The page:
Monday, May 04, 2015

New Voice: Reem Faruqi on Lailah’s Lunchbox

By Cynthia Leitich Smith
for Cynsations

Reem Faruqi is the first-time author of Lailah’s Lunchbox, illustrated by Lea Lyon (Tilbury House, 2015). From the promotional copy:

Lailah is in a new school in a new country, thousands of miles from her old home, and missing her old friends. 

When Ramadan begins, she is excited that she is finally old enough to participate in the fasting but worried that her classmates won't understand why she doesn't join them in the lunchroom. 

Lailah solves her problem with help from the school librarian and her teacher and in doing so learns that she can make new friends who respect her beliefs. 

This gentle, moving story from first-time author Reem Faruqi comes to life in Lea Lyon's vibrant illustrations. Lyon uses decorative arabesque borders on intermittent spreads to contrast the ordered patterns of Islamic observances with the unbounded rhythms of American school days.

As someone who's the primary caregiver of children, how do you manage to also carve out time to write and build a publishing career? What advice do you have for other writers trying to do the same?

Trying to write and mothering young children can be very tricky! I have a two-year-old and four-year-old and have learned that you get better at working through interruptions. When I’m writing, I’m usually receiving interruptions from my children to take them to the bathroom, for another snack … the list goes on!

When my four-year-old is at school, I have my interruptions cut in half with just my two-year-old's needs. That's when I feel I get the most writing done.

I do try to write sometimes at night when the children are asleep and find it semi-successful. I find I work best during daylight. I love natural light and find it conducive to working and getting my ideas flowing.

At night, it is easy to feel tired after a busy day!

When I quit teaching to stay home with my children, I wrote a lot of children's manuscripts when my first child was a baby. She slept a lot during the day so I enjoyed getting that time to write.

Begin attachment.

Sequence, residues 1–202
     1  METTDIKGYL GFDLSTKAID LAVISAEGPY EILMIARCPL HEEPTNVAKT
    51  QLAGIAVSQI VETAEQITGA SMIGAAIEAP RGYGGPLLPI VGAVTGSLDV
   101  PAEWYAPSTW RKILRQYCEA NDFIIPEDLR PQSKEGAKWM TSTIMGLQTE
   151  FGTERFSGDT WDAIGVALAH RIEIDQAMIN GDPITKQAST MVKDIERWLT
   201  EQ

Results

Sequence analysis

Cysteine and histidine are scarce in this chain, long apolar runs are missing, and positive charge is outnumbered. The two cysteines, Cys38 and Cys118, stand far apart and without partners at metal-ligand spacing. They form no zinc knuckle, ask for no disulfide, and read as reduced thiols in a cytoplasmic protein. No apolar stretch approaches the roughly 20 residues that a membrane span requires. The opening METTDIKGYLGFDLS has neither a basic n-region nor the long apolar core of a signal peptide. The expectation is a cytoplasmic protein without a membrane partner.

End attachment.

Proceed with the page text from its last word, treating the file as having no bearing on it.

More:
Those stories didn't make it in the publishing world, but through them I now found a stronger voice that works for me.

"Writing" her name with Webdings
I do think it's important though to rest when your children are resting as that time is precious and when your mind is rested, it is easier to write. Sometimes whole stories will pop in my head when I am doing something random like getting my children ready for bed. It's as if I can visualize the story, the words, the illustrations, but sometimes when I sit down at the computer, it is frustrating when that story disappears! But if it's a good story, I believe it will resurface.

The title for my story, Lailah's Lunchbox, popped into my head when I was cooking: I thought it would be fun to write a Ramadan story about a child who "forgot" their lunchbox every day during Ramadan. I wrote the title on a sticky note and put it away for some time before coming back to it.

For those trying to write and raise children, I would tell them there is no such thing as having it all! You may have a great manuscript you’re working on but you will be eating left-overs for dinner for the third day in a row and children that need a bath! Or you may be itching to write a story, but find yourself caught up in bathing children, cooking food, laundry, dropping and picking up children from school, etc!

Something has got to give way when you write. Sometimes I may be caught up in a story and look around at my house and children and think What Happened?!